Most engineering master's programs offer tracks to accommodate working engineers. So choosing one means looking at the kinds of courses you need, how much of the cost your employer will underwrite, the availability of distance or part-time learning, and the presentation of course material. To get a flavor of campus life, consult university marketing sites like Peterson's (http://Petersons.com). The student-run College Prowler (http://collegeprowler.com), although focused on undergrad programs, offers tidbits on overall campus culture, food, and faculty.
Nearly two decades after getting his master's in electrical engineering from Pennsylvania State University, in University Park, Hal Mueller, an IEEE member for nearly 30 years, found himself searching BusinessWeek.com's listings for distance-learning technical MBAs. He was struck by Philadelphia-based Drexel University's Web site and its program offering some study abroad, so he decided to enroll there.
One course, on strategic thinking, proved particularly valuable, Mueller says. "The Drexel program took all this information I had in my head from years of work and school experience and showed me where it all fits and how it relates to each other." After graduating in June, he landed a job as vice president of sales and marketing at C&M Corp., a wire and cable manufacturer in Wauregan, Conn. "I wouldn't have this job without this degree, because I wouldn't have known the first thing about running a marketing program."
Engineers pursuing a research career instead should be prepared to do some--what else?--research. This will allow you to target schools that do the kind of work you want to do and will give you the greatest access to professors engaged in those kinds of studies. If you want to do robotics, for instance, and only one professor at a school is doing robotics, the odds aren't great that you'll get to work with him or her.
To get an idea of where research is being done in your desired field, consult databases like IEEE Xplore or attend conferences and professional society meetings. Look at the papers and presentations that interest you and find out where their authors are from.
Paying for grad school need not leave you broke. Many schools have grant money to cover tuition and living expenses. Ben-Gurion's Kartoun and Wachs earned education subsidies and worked as teaching assistants to get the school to waive their annual US $3000 tuition; Israeli universities also offer scholarships based on grades or national origin.
Engineering scholarships for U.S. citizens and legal residents are available from the National Science Foundation, the Department of Energy, and the Department of Defense; one DOD program is the National Defense Science and Engineering Graduate Fellowship Program. In the European Union, the Researcher's Mobility Portal allows you to search for EU-wide fellowships and grants [see http://europa.eu.int/eracareers/index_en.cfm].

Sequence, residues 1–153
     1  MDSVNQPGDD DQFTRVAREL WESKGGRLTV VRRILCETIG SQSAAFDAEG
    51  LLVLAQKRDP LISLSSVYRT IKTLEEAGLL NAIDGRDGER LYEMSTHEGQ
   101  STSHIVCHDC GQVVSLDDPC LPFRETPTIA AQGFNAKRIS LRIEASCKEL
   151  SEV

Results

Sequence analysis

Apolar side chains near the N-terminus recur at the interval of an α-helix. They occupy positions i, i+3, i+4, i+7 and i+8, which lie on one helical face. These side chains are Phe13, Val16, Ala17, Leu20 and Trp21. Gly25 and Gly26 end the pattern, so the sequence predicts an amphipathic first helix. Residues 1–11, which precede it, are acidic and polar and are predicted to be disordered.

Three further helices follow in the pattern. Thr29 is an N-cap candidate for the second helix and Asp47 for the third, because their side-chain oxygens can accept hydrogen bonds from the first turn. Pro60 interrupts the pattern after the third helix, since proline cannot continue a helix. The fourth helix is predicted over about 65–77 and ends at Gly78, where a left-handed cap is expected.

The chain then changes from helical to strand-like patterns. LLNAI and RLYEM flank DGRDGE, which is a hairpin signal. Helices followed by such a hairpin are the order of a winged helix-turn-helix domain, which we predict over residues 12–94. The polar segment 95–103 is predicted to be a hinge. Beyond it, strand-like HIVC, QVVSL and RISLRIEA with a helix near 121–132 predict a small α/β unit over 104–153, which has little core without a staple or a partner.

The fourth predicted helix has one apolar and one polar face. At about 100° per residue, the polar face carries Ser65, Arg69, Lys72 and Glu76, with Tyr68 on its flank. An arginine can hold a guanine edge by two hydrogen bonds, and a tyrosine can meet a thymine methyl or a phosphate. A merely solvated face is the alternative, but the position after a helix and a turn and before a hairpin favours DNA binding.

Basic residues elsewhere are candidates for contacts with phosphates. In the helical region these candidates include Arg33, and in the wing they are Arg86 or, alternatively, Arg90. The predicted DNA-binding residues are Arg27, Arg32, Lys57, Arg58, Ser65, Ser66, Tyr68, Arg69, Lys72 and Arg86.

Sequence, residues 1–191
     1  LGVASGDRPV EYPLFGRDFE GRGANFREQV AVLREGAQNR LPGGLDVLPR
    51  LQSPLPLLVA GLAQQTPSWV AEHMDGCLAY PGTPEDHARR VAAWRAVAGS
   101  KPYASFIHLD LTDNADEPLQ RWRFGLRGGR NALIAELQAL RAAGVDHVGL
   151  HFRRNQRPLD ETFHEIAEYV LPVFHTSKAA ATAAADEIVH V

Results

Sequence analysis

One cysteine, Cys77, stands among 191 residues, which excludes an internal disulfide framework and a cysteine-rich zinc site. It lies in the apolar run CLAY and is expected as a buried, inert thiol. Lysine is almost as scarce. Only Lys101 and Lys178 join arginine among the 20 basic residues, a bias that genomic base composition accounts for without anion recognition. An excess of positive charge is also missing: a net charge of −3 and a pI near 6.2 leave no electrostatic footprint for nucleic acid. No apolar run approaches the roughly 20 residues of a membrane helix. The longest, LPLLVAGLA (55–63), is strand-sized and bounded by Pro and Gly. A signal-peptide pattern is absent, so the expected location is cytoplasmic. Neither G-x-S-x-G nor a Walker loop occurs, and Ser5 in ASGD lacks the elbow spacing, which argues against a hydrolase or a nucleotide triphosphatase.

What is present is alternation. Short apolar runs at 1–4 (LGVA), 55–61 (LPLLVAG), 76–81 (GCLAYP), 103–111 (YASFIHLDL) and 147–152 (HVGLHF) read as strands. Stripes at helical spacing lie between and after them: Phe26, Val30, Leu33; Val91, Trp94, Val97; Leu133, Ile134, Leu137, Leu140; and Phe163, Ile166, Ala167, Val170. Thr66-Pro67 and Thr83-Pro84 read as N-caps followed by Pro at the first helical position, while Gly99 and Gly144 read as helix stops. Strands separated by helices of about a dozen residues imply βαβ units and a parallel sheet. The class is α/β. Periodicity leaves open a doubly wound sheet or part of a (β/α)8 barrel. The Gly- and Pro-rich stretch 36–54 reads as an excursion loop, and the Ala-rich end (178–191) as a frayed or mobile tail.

If you're interested in a particular European country, you'll have to dig a little deeper. For example, Britain's Engineering and Physical Sciences Research Council offers funding through universities based on a specific research area, while the Royal Academy of Engineering, in London, offers teaching fellowships. Germany offers funding for research and study through the Alexander von Humboldt Foundation's German Chancellor Scholarships, among others.
There's been an increase in financial aid for women and minorities wanting to study engineering and science. The Society of Women Engineers, for example, maintains a list of U.S. and international programs for women, including the Third World Organization for Women in Science, which offers training fellowships to female Ph.D students from sub-Saharan Africa.
"The biggest mistake grad students make is not realizing that they can get paid to go to grad school," says Thomas Kurfess, professor of mechanical engineering at the Georgia Institute of Technology, in Atlanta. But money isn't everything, he adds. "Do not just go for the university that pays the highest stipend. Rather, choose one that offers the best learning opportunity and career options after graduation."
Finally, once you've narrowed your choices, visit the campuses. No brochure or Web site will match a firsthand assessment of the culture, student population, faculty, and research facilities; nor will it offer impromptu conversations with students about their advisors and professors. A two-day trip could save you from deciding, a year into a program, that you wish you were somewhere else.
About the Author
Susan Karlin is an award-winning journalist in Los Angeles (